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Celebrating the Winning & Shortlisted Poems

March 1, 2013

The Poetry Café was packed and full of anticipation: poets eager to read their shortlisted poems, supported by family and friends, as well as poetry lovers looking for new poetic voices, and judges going over their notes.

the audience

Of course everyone, apart from the judges, Astrid Alben and Stephen Watts, wanted to find out who had won the competition!

Judges

It was great that so many of the shortlisted poets managed to attend the meeting. Seven out of the eleven UK based authors managed to come, and one poet based in Scotland send her mother. Even two out of eight nominated Dutch poets were in the audience.

Arnold Jansen op de Haar explained how the English and Dutch shortlists were selected and delighted the audience with a reading of his poem ‘Combat Boots’.

So we were off, fortified with a drink sponsored by Holland Park Press:
Colin Bancroft’s poem ‘To the Lighthouse’ and Pauline Duffy’s ‘First Sunday of Advent. 1978.’ were read by Stephen Watts, Joris Denoo’s ‘Straat zonder einde’ (‘Street without an end’) was read by Astrid Alben.

Stephen Watts

Next Justine Linnebank, all the way from the Netherlands, took centre stage to read ‘Dode dromen’ (‘Dead Dreams’)

Justine Linnebank

Atar Hadari, playwright and poet presented his poem ‘When’.

Atar Hadari

Sylvie Marie, a Dutch poet, couldn’t be with us, so Astrid read ‘winteruur’ (‘Winter Hour’).

Danielle Hope read her poem ‘Looking South’.

Danielle Hope

Sanja Simunic’s ‘nieuw land oude stenen’ (‘New Land Old Stones’) was read by Arnold Jansen op de Haar and Simon Jackson’s ‘Burning Barbie’ by Stephen Watts.

Meliza de Vries, the second Dutch poet who was in attendance, gave a beautiful reading of her poem ‘eilandhoppen’ (‘Island Hopping’).

Meliza de Vries
 
Sonia Jarema moved us with ‘Homecoming Ukraine 1999’.

Sonia Jarema

Emile den Tex’s  ‘Amsterdam’ was read by Astrid, and Nikki Magennis’s mother gave a beautiful reading of her daughter’s poem ‘The Rest’. She explained her daughter was at home looking after a three-year-old.

Nikki Magennis's mother

Arnold Jansen op de Haar read the poem sent in by Dutch poet Shahenshah Yaqut – ‘Kartonnen leven’ (‘Cardboard Life’)

Next, Omar Majeed read his poem with the wonderful title: ‘To tell you my story would be to impose structure on chaos, and as such mirror the project of living, so perhaps it is worth a go.’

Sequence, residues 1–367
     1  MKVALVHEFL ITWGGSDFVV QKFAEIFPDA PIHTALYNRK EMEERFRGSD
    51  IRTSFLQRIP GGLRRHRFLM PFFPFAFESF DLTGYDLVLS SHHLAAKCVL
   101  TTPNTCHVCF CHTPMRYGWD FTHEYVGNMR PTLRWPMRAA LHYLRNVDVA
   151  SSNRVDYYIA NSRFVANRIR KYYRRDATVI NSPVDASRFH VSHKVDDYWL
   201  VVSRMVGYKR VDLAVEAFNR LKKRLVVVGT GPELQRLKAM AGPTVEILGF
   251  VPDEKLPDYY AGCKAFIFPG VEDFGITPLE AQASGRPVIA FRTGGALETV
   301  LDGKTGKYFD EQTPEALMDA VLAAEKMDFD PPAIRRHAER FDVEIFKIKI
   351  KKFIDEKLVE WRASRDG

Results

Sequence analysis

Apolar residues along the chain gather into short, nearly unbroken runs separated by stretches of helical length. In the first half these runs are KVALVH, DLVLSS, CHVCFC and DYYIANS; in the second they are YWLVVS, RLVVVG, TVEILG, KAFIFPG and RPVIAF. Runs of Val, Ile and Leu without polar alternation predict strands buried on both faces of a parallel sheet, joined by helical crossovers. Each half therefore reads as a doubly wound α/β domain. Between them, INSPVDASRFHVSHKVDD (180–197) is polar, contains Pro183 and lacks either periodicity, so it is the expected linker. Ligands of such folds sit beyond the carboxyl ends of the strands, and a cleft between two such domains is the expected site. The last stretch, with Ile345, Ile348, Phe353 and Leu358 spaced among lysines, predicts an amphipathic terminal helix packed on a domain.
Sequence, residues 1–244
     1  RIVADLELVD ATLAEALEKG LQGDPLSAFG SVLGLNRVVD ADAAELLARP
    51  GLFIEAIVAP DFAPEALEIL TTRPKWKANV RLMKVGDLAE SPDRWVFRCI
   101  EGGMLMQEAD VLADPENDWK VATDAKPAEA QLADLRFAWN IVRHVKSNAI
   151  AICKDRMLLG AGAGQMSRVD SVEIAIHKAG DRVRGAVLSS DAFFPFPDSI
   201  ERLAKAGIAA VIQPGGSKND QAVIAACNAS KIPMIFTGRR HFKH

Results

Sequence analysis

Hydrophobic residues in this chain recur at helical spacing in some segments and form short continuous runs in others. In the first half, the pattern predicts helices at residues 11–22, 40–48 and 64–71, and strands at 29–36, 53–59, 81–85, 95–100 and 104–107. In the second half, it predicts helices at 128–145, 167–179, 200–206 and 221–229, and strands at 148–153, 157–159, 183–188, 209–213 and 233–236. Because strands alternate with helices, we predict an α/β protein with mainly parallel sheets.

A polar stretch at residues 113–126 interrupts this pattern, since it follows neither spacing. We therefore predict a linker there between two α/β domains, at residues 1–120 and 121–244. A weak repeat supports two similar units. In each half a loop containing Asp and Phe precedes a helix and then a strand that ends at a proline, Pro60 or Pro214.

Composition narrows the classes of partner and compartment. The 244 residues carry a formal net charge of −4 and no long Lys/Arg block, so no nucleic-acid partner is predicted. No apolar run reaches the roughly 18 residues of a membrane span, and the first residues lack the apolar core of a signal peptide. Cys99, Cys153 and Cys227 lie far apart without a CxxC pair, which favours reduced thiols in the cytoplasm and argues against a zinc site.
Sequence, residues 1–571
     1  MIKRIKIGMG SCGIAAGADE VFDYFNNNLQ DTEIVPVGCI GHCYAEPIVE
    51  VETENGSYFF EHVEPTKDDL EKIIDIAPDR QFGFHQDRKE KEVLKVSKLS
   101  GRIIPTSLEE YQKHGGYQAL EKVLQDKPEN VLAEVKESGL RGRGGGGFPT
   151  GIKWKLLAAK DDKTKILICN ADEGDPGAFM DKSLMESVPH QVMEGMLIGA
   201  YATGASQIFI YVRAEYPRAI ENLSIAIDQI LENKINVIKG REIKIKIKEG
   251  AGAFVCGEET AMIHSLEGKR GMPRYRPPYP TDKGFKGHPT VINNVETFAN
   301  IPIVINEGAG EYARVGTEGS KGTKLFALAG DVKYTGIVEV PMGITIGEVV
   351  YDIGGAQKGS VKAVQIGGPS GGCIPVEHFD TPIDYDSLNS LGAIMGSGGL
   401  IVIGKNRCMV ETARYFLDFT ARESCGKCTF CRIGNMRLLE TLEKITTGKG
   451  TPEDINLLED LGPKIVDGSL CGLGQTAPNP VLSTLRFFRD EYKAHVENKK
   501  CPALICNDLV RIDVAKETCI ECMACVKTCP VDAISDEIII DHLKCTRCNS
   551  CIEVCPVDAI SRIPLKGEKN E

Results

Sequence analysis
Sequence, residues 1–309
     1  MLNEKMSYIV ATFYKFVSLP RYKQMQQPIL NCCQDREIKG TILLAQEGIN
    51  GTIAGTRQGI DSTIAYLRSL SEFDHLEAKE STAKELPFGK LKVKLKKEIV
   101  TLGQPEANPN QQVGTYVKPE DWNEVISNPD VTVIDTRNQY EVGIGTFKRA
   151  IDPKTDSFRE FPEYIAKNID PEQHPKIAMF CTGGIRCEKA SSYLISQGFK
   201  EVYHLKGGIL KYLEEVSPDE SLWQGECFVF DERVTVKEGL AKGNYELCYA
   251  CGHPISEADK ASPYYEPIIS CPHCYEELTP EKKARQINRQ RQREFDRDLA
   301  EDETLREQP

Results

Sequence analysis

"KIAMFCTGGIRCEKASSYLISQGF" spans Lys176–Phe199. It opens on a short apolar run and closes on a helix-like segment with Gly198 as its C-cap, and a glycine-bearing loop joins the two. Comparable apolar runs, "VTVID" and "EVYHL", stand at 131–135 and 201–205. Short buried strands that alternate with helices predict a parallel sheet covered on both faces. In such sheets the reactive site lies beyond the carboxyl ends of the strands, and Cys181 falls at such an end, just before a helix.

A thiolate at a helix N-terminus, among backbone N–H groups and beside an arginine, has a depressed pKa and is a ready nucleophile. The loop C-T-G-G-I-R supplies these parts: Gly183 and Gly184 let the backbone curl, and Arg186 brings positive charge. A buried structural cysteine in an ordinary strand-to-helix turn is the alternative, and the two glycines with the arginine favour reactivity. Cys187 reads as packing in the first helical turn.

Omar Majeed

Finally Astrid read the poem ‘Waar ik was’ (‘Where I was’) from the last Dutch shortlisted poet Hans van Zwolle.

Clare Mulley recited her poem ‘Lineage’.

Claire Mulley

Deborah Stevenson gave a wonderful performance of ‘Cecil Park – High as the Swings’.

Deborah Stevenson
 
Last but not least, Mary Whitsell gave a wonderful reading of ‘Boxes’

Mary Whitsell

Now the moment of truth had arrived. Astrid Alben and Stephen Watts were charged with the task of selecting the winner. Astrid judging the Dutch shortlist, and Stephen making a selection of the English shortlist. Both agreed that the shortlists were of very high quality, making their job very difficult.

However there was one Dutch poem that particularly appealed to Astrid and that’s why she announced ‘eilandhoppen’ (‘Island Hopping’) by Meliza de Vries as the winning Dutch poem.

Dutch winning poet

She was also taken with Joris Denoo’s ‘Straat zonder einde’ (‘Street without an end’), which she named as the runner-up.

Stephen thought there were six poems, though very different, that were very good, so he couldn’t select a runner-up. However he kept coming back to one poem, and it was only during the awards ceremony that he found out that is was set in London’s East End, an area in which he has lived for the past thirty years! So with extra pleasure he announced ‘Cecil Park – High as the Swings’ by Deborah Stevenson as the winning English poem.

English Winning Poet

Congratulations to the winners and all the wonderful shortlisted poets.

The evening concluded with a lively reception and we all went home happy.

Enjoy reading eilandhoppen or Island Hopping and Cecil Park – High as the Swings.